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Is HIV testing normal or special? Opinions of health professionals in four European countries in 2008

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The special norms in testing for HIV infection are not typical of testing or screening for other diseases. In four European countries, we studied health professionals’ views on HIV testing

This study is based on cross-sectional surveys of two groups of health professionals: presidents of selected health professional societies and head physicians and nurses of selected hospital clinics in Belgium, Estonia, Finland, and Portugal in 2008. A common structured semi-anonymous questionnaire was used in the four countries. The number of societies responding varied from five to 10 and for hospital clinics from six to 18; the response rates were from 32% to 100% and 41% to 100%, respectively.

Opinions on whether HIV testing is like any other test and on the value of specific approaches in HIV testing varied both within and between countries. Some professionals thought that HIV testing is different from the testing of other infectious diseases; others thought that such an exceptional approach may be a disservice to people and to the health system. Many professionals thought that HIV testing should not be thought of only from the point of view of the individual to be tested, but also from that of other people (potential patients). Obligatory testing was considered appropriate in certain circumstances. Generally, more HIV testing in health care was called for.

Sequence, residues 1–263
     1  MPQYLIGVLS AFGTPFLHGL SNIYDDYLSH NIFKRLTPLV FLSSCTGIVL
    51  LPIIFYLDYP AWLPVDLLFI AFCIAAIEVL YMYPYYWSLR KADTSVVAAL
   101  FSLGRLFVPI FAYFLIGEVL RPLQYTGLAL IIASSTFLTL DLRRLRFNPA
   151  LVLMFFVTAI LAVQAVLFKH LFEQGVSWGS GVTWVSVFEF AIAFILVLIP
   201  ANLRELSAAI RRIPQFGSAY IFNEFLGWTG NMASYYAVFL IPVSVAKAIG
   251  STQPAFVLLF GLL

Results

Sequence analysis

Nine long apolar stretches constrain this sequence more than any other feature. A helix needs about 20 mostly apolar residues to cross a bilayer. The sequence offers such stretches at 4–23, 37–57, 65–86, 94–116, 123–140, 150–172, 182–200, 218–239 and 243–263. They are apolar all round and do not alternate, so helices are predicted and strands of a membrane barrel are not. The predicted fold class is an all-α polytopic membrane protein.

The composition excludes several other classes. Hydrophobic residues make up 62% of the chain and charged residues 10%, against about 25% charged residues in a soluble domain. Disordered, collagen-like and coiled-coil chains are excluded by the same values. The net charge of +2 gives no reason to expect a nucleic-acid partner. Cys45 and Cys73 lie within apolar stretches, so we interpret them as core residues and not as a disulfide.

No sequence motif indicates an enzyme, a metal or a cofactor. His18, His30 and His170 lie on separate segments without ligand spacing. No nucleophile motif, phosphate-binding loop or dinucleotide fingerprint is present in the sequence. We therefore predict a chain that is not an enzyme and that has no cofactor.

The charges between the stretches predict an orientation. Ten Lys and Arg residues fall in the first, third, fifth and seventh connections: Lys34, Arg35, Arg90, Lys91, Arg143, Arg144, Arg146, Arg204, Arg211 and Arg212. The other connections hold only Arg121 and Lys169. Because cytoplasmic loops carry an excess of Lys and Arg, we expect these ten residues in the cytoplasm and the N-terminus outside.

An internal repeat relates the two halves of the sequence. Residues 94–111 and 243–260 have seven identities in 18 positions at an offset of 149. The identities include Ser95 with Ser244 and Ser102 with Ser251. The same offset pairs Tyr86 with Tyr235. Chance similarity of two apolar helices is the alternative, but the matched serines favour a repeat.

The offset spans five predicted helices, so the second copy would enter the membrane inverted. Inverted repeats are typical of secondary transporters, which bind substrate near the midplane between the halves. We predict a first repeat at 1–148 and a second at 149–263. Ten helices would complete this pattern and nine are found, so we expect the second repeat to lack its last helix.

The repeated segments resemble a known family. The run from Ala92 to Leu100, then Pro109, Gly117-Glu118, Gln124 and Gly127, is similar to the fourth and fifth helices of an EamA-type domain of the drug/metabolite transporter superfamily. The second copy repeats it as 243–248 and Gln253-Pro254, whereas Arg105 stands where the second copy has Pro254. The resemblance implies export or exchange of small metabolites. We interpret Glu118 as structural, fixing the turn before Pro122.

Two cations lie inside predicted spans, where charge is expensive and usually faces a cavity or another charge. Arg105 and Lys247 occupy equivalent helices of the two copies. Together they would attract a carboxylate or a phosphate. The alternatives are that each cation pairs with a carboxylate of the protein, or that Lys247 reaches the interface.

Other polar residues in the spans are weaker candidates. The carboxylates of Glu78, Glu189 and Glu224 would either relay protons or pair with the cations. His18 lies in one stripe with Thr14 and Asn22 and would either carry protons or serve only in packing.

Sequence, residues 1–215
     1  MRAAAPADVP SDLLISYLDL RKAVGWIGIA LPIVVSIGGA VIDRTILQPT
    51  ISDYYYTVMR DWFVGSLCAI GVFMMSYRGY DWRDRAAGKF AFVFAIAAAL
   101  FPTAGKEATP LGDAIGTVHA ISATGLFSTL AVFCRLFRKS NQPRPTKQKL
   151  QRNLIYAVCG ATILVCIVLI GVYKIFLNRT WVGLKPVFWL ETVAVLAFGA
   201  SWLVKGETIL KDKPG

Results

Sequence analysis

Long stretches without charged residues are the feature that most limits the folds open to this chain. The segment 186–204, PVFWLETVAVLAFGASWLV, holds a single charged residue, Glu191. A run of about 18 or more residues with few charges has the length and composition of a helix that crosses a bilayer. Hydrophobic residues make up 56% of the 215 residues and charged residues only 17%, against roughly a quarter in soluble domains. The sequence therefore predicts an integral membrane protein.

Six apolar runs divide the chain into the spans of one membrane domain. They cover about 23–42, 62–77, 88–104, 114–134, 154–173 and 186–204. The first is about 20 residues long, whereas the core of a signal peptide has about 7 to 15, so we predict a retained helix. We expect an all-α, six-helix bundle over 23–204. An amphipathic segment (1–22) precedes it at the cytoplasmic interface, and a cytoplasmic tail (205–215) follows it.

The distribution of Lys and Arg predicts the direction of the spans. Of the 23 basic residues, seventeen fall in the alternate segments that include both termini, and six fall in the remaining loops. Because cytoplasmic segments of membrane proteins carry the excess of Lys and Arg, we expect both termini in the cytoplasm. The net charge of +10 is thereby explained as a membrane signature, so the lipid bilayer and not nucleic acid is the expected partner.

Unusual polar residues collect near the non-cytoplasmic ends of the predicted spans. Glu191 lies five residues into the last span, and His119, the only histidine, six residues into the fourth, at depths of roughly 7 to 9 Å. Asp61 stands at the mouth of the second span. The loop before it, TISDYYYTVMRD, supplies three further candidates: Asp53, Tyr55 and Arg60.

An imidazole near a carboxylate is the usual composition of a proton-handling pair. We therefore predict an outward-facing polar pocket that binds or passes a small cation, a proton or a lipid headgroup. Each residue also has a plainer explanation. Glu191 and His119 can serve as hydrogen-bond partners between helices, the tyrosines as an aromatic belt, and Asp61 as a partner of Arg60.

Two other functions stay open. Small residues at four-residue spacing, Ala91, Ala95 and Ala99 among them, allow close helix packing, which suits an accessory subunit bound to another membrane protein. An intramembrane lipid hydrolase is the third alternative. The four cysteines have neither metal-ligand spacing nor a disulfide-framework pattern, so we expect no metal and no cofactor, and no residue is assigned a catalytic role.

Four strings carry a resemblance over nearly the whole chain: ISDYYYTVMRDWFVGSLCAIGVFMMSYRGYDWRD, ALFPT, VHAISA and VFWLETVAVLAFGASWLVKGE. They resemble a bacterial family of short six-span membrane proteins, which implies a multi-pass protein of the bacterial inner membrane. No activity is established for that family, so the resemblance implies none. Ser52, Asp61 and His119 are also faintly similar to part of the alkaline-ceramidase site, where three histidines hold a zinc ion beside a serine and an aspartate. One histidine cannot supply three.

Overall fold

Normalization of HIV testing, i.e., considering it like any other diagnostic test, is unlikely to meet much opposition from health professionals. Larger surveys are needed to confirm the results.

Keywords: Europe; HIV testing; health professionals; patient choice; pre-test counseling; survey; voluntary

Document Type: Research Article


Affiliations: 1: Department of Children, Young People and Families and Public Health, National Institute for Health and Welfare (THL),University of Helsinki, Helsinki, Finland 2: Infectious Diseases and Drug Abuse Prevention Department,National Institute for Health Development, Tallinn, Estonia 3: Department of Hygiene & Epidemology,University of Porto Medical School, Porto, Portugal 4: University of Zielona Góra, Zielona Góra, Poland 5: Service System Department,National Institute for Health & Welfare, Helsinki, Finland 6: International Centre for Reproductive Health,Ghent University, Ghent, Belgium

Publication date: January 1, 2012

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